Identifying Snakes

By Julia Fuller

Whether you have a passion for snakes or an aversion for them, being able to identify snakes is important if you enjoy the outdoors. Gardeners, landscapers, hikers, and hunters are just a few of the people who come across snakes accidently. If you live in an area with venomous snakes, spend some time studying their identifying marks in case you are bitten.

Look at the shape of the head

Look at the shape of snake's head and tail. For example, the Massasauga rattlesnake has nine enlarged scales on the top of its head and a rattle on its tail. The non-venomous Hognose snake has a pointed and slightly upturned snout helping to differentiate it from the Cottonmouth Moccasin. The Banded Sand snake has a flattened and protruding shovel shaped snout with dark brown or black cross bands that encircle its tail.

Measure your snake

Measure the diameter and length of the snake. Species of adult snakes can be ruled out if the snake does not fit the usual size of the species. For example, the Flat-headed adult snake is less than 10-inches with a thin build, while the Plain-bellied water snake can reach lengths of up to 62-inches.

Consider the habitat and range of the snake to help identify its species. Snake species may be specific to a certain climatic areas as well as a certain habitat. Kirtland's snake prefers swampland and marshes, while the Lined snake prefers open hillsides and the edges of woodland.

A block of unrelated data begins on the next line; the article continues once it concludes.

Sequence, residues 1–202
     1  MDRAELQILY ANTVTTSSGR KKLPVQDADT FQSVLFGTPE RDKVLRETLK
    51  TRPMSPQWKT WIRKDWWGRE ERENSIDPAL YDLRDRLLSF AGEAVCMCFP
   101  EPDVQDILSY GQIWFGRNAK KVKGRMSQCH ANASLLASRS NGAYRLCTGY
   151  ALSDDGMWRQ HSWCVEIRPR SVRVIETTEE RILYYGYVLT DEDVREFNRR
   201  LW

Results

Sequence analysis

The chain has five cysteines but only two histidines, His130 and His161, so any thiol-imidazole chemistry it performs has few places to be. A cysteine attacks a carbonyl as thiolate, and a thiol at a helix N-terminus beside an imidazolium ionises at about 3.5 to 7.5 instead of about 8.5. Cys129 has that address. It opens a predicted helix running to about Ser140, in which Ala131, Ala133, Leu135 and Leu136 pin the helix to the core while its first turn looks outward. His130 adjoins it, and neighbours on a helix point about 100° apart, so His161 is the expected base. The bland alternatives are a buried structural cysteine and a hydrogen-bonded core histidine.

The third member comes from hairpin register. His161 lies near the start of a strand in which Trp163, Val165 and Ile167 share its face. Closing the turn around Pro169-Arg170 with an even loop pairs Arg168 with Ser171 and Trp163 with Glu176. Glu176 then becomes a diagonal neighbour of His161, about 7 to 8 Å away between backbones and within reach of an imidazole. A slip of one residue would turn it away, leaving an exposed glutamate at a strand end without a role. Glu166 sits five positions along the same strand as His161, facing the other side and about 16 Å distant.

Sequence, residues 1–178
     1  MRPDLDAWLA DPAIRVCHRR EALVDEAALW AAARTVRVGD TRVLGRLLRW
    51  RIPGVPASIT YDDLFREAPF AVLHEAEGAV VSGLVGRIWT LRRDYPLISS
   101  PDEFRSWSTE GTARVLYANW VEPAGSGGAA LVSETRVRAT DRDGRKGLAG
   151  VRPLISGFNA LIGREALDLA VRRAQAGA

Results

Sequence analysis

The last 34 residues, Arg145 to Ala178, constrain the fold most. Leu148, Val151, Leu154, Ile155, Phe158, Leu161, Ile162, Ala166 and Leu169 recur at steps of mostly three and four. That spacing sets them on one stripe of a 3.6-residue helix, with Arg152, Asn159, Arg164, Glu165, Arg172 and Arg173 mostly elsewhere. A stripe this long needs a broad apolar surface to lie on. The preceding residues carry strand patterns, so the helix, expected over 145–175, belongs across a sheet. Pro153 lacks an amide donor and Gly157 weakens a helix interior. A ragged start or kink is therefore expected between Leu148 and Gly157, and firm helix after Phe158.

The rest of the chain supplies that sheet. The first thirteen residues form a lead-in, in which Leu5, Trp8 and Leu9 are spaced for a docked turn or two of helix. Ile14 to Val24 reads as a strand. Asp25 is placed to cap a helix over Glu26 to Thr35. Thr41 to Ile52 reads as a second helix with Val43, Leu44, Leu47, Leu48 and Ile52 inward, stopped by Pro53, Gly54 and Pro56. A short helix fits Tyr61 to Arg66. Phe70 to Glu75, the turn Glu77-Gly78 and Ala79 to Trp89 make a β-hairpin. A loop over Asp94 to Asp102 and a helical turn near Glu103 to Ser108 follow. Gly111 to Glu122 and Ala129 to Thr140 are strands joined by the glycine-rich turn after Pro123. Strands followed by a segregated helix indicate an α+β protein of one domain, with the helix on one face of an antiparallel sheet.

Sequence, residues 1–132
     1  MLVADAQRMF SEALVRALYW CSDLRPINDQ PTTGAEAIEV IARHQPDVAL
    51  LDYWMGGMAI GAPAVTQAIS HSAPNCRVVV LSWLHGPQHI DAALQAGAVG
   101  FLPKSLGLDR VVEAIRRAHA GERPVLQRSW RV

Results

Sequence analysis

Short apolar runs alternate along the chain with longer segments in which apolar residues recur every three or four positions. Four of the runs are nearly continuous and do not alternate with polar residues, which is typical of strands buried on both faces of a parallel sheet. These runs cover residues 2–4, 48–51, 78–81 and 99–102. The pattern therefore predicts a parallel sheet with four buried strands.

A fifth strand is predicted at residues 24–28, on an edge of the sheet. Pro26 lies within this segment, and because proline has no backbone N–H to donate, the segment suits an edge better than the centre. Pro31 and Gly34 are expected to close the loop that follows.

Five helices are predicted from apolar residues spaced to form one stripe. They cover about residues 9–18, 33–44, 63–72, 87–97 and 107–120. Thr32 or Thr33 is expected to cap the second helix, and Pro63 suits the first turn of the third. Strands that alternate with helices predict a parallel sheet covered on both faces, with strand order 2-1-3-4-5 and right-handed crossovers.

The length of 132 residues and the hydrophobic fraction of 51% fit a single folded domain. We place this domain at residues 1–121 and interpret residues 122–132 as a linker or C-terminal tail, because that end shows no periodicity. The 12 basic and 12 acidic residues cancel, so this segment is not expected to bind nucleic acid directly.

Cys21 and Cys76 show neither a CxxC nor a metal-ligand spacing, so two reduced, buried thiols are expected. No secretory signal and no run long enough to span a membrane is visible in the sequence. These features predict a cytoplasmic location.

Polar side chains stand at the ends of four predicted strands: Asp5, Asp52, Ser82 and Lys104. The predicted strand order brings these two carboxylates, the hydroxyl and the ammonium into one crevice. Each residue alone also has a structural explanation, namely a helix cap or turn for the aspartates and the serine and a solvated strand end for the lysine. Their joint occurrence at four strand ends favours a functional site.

Notice the colors on the snake's skin as well as the order of the colors. The venomous Coral snake has red and yellow bands beside each other. The look-alikes that are not poisonous have red and black bands beside each other. The poisonous snake page at Trailquest suggests that you learn the riddle, "Red and black, friend of Jack; red and yellow kill a fellow" (see Resources below).

Observe whether the snake is aggressive or passive. The Gopher Snake or Bullsnake will try to scare you off by hissing loudly, flattening its head, and vibrating its tail rapidly. It may also lunge and strike in a further attempt to ward off a predator, but its bite is not venomous. The Prairie Kingsnake is usually mild-tempered.